5 Ways to Manage Employee Salary Expectations with Ease
The employer-employee relationship has come a long way. Organizations need top talent to innovate at the increasing pace needed to compete in the modern era, and engaged employees are eager to deliver for the companies that treat them best. Now more than ever, the power balance has shifted toward recognition of this mutually beneficial dynamic. While pay isn’t the only deciding factor, it’s certainly an important consideration—and the pressure is on for organizations to manage employee expectations gracefully.
Transparency has always been a key part of how the top global employers manage salary expectations, but in the age of online ratings and reviews, companies must be willing to discuss their pay strategy with a sense of openness. A workforce that understands its employers’ approach to incorporating market rates, prevailing practices, cost of living, and professional experience into salary considerations is more likely to feel confident they’re being compensated fairly.
Negotiate with Benefits
Salary is just one aspect of compensation. Negotiating with additional benefits can help organizations get top talent in the door while both keeping payroll in check and satisfying employee expectations. Does your company offer a revenue sharing arrangement or vested stock options? Highlighting these perks can help current and prospective employees see a more holistic picture of the value they gain through employment with your organization.
Use Your Resources
The free flow of information on the web has made conversations about the workplace more honest and open. Prospective employees relish the chance for an inside look at companies, while others use these platforms to compare their respective ongoing employment experiences. But employees aren’t the only ones who can benefit. Use workplace social media sites likes Glassdoor, Indeed, and Salary.com to understand the current landscape and see what employees have to say about your organization’s pay and workplace experience.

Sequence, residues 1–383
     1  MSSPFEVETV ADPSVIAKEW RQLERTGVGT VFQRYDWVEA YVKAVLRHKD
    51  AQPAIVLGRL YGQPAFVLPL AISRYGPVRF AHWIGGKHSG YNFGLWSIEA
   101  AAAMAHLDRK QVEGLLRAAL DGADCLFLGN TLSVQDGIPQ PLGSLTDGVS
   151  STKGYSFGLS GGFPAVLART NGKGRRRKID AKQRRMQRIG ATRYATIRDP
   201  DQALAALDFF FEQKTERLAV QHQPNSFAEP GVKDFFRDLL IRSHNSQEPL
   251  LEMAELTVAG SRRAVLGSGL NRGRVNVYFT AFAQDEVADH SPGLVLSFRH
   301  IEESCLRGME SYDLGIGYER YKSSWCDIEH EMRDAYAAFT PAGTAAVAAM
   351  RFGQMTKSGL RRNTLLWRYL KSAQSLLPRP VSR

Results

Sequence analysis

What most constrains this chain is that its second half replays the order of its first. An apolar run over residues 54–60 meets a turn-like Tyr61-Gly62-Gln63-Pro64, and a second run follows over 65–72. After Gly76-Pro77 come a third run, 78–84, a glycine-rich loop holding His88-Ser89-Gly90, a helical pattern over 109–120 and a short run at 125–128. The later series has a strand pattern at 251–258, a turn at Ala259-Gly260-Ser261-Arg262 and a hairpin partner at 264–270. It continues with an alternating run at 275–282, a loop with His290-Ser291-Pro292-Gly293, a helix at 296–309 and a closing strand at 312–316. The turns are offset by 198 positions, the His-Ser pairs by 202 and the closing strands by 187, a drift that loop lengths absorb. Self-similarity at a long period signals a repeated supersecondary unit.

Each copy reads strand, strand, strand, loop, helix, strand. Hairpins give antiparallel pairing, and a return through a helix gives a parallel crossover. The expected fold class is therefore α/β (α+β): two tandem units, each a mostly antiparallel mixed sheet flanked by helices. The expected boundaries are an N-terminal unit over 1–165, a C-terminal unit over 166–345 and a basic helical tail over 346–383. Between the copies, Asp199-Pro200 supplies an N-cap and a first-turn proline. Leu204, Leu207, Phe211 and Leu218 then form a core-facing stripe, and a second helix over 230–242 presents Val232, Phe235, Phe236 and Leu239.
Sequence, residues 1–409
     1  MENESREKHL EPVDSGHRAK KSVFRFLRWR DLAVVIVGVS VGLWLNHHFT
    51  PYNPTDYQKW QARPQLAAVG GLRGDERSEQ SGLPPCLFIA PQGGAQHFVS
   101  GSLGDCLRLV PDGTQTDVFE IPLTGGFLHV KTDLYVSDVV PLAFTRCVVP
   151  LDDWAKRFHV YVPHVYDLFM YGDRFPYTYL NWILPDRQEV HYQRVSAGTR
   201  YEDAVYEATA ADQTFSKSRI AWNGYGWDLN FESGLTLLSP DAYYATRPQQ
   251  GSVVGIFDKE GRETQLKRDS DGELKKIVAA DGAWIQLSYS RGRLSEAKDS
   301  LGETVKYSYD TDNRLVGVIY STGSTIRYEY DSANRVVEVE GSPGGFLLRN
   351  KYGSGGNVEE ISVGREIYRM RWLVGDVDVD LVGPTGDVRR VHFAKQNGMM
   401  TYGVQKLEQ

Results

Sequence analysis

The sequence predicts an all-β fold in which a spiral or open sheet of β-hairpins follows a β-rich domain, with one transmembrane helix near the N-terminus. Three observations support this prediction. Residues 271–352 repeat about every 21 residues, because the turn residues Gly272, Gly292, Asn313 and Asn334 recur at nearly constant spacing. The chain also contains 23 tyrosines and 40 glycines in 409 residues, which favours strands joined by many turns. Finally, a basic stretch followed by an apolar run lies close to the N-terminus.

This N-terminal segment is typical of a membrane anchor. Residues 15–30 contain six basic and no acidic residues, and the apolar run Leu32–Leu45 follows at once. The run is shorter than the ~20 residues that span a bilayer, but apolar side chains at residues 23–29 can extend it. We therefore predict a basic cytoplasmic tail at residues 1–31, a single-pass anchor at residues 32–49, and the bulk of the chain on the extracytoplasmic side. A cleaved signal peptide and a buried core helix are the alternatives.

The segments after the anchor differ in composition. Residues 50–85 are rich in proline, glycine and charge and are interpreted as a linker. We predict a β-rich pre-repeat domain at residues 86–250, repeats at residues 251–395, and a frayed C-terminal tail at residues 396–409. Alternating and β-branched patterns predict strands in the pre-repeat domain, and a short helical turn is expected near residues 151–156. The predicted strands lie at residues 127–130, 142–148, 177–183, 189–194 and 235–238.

What’s important to one employee may be of little consequence to another. Try to understand specific drivers for individuals to best navigate salary and compensation conversations. For some employees, the prospect of commission is hugely motivating, while, for others, a flexible working arrangement is more enticing. The key is to explore other drivers for staff and make these options available.
Talk About Money
In the past, employers held all the power when it came to compensation discussions and decisions. That’s not the case anymore. With a lean labor market and the visibility enabled by online reviews, salary and benefits discussions have become more mutualistic. One of the best ways to manage employee salary expectations? Talk about them—and not only during the increasingly obsolete annual review, but on a regular basis. Encourage an open dialogue about what’s working and what’s not regarding pay and perks and use 1:1s as an opportunity to check-in with employees.
Managing salary expectations can be challenging, awkward, and uncomfortable but it doesn’t have to be. Be it with top tier candidates for open positions or existing employees, it’s important to make sure individuals feel that they are valued and respected and that their organization is invested in them.